Federal fisheries managers implemented state authority to manage recreational red snapper fishing in Gulf of Mexico states, the result of a multiyear effort to give local authorities jurisdiction over the highly sought-after fish.
NOAA Fisheries established the program on Thursday, cementing management changes in the “Reef Fish Amendment 50: State Management for Recreational Red Snapper.”
The amendment issued an exempting fishing permit to Alabama, Florida, Louisiana, Mississippi and Texas, allowing them to manage the private recreational red snapper fishery in 2018 and 2019
Recreational fishing advocates had worked for years to give states control over management after federally mandated recreational seasons had been slashed to three days in some cases.
Fishing advocates celebrated the move championed by a Republican coalition that included Sen. Richard Shelby, R-Ala., Reps. Garrett Graves and Steve Scalise, both of Louisiana, and Georgia Rep. Austin Scott.
“Over the past two years, private recreational red snapper anglers in the Gulf have become more active partners in the states’ data collection systems and enjoyed much longer red snapper seasons than the federal system was able to provide,” said Center for Sportfishing Policy president Jeff Angers in a statement.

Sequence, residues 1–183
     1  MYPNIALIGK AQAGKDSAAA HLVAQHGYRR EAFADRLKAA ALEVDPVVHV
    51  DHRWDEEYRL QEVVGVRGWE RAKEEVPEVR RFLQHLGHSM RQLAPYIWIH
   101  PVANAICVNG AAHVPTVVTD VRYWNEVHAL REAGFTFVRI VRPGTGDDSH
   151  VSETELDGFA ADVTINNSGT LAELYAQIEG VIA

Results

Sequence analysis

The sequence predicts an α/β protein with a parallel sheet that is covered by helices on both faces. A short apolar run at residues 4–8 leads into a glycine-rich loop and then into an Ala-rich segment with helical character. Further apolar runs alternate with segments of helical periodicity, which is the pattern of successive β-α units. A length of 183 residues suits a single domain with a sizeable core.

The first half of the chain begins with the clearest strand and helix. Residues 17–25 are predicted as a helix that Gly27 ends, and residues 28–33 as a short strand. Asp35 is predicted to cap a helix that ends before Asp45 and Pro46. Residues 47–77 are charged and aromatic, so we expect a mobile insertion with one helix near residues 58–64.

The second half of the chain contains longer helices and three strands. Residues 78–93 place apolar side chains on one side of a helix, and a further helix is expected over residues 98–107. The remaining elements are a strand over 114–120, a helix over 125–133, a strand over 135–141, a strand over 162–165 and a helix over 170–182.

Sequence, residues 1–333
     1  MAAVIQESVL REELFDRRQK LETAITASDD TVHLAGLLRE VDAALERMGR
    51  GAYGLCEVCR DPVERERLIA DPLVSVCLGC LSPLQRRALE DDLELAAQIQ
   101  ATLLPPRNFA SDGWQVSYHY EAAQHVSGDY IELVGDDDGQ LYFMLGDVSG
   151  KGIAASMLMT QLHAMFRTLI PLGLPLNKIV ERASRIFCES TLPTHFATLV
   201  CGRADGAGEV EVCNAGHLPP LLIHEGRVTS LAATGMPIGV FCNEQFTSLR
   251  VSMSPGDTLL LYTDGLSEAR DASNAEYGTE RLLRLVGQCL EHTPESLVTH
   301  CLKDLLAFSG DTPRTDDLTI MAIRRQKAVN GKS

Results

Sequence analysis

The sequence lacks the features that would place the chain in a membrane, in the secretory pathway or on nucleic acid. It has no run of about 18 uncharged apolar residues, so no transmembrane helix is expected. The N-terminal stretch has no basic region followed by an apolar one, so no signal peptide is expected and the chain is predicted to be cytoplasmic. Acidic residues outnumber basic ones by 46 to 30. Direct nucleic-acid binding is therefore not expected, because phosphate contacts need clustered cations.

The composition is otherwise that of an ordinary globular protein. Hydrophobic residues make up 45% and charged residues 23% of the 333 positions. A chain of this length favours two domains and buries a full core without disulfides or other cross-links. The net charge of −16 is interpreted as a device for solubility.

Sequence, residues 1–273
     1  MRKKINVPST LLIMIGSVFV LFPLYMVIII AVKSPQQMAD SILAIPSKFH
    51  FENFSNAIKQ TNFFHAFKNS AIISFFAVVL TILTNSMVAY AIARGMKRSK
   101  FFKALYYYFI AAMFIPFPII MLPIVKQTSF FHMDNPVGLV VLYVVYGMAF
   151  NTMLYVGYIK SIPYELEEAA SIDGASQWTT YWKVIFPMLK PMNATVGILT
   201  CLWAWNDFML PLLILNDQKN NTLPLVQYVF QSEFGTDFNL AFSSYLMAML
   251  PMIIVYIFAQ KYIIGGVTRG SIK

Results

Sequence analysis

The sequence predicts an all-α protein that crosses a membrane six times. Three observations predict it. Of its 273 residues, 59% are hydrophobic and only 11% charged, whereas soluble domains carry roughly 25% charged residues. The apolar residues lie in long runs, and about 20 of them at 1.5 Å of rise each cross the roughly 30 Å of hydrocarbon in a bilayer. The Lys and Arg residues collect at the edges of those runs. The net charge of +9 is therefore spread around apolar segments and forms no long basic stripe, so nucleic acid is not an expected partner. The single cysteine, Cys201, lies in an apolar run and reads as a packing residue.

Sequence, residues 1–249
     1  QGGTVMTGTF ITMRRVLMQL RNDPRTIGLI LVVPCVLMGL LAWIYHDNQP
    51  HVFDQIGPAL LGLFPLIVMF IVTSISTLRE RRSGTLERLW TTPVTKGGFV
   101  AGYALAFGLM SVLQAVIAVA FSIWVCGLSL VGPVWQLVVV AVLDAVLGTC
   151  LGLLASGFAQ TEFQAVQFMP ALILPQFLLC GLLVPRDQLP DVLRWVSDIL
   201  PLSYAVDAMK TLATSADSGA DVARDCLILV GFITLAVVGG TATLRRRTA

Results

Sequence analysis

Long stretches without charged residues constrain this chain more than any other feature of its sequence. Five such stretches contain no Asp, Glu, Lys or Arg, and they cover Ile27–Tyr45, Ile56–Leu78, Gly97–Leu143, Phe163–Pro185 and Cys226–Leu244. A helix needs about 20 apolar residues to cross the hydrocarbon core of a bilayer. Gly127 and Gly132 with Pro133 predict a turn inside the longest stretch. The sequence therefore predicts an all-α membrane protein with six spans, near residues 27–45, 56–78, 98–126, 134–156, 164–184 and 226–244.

At a Gulf Council meeting in January, each state gave a report on its data-collection program and emphasized its ability to incorporate local factors into harvest data so it could adjust the season.
“State management of Gulf red snapper has been a game-changer for anglers,” said American Sportfishing Association Southeast fisheries policy director Kellie Ralston. “Because of their targeted data collection and their ability to quickly respond to what’s going on in-season, each of the Gulf states has been able to provide substantial red snapper seasons for the private recreational sector.”